Mary Wollstonecraft Godwin was born August 30, 1797, in London, England. Her parents were both writers but sadly, her mother died while Mary was a baby. After being homeschooled as a child, Mary fell in love at a young age. At 16, she married Percy Shelley and changed her name to Mary Shelley. In 1816, the couple traveled to Switzerland for the summer. While there, Shelley and other writers decided to have a ghost story contest. Shelley started writing Frankenstein. Published in 1818, the novel still frightens people nearly 200 years later.

Dennis Calero is the award-winning artist of Marvel Comics' X Men Noir, X-Factor as well as previous Stone Arch titles in Frankenstein and the Invisible Man. He was educated at Pratt Institute in Brooklyn, New York.

Michael Burgan has written numerous books for children and young adults during his nearly 20 years as a freelance writer. Many of his books have focused on U.S. history, geography, and the lives of world leaders. He has also written fiction and adapted classic novels. Michael has won several awards for his writing, and his graphic novel version of the classic tale Frankenstein (Stone Arch Books) was a Junior Library Guild selection. Michael has also worked as an editor at Weekly Reader, the classroom news magazine used in schools across the United States. Michael graduated from the University of Connecticut with a bachelor’s degree in history. When not writing for kids, he enjoys writing plays, and his works have been staged across the United States. He lives in Santa Fe, New Mexico, with his cat, Callie.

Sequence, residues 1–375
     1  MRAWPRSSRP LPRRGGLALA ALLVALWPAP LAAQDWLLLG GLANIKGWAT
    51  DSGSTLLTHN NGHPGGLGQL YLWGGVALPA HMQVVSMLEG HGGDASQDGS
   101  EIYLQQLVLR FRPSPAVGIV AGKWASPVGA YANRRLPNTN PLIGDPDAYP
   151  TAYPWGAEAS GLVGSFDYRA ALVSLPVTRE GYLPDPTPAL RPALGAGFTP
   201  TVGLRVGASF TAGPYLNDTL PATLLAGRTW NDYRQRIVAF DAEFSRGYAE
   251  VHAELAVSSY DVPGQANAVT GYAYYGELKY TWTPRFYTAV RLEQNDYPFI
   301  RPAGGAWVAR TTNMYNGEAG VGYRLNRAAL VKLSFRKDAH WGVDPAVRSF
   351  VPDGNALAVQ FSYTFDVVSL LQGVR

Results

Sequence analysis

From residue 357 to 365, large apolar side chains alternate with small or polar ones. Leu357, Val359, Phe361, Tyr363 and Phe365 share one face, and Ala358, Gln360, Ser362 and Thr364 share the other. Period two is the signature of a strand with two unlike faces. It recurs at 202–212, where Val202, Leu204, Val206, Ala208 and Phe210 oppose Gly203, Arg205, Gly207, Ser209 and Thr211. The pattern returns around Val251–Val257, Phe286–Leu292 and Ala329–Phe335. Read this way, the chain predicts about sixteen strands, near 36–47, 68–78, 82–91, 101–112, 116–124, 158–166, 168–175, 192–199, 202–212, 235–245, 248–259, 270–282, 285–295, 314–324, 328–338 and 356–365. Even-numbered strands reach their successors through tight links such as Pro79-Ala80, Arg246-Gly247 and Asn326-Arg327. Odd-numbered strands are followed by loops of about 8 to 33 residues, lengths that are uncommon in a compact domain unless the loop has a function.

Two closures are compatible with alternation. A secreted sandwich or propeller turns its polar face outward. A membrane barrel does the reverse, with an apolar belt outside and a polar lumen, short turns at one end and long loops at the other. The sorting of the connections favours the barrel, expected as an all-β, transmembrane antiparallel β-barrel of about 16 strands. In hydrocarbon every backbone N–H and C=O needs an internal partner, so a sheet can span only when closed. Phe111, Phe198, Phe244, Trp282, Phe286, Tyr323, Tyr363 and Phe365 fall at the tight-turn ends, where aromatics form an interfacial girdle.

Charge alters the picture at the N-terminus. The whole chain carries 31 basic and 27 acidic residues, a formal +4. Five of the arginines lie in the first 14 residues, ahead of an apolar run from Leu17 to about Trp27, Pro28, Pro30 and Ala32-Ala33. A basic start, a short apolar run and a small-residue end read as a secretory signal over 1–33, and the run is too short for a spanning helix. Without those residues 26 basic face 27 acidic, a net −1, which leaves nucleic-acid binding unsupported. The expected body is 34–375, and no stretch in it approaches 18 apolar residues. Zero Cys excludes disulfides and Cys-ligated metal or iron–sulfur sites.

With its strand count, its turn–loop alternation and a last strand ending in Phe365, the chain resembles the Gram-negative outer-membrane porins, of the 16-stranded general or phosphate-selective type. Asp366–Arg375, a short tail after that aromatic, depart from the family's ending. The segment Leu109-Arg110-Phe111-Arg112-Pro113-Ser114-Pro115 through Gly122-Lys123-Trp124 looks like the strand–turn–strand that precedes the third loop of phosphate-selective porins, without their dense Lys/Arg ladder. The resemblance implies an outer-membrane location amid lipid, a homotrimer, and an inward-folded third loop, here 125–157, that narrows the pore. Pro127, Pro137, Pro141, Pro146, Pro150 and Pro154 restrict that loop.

Read More Show Less

Read an Excerpt

VOLUME I

LETTER 1

To Mrs. Saville, England St. Petersburgh, Dec. 11th, 17—

You will rejoice to hear that no disaster has accompanied the commencement of an enterprise which you have regarded with such evil forebodings. I arrived here yesterday; and my first task is to assure my dear sister of my welfare, and increasing confidence in the success of my undertaking.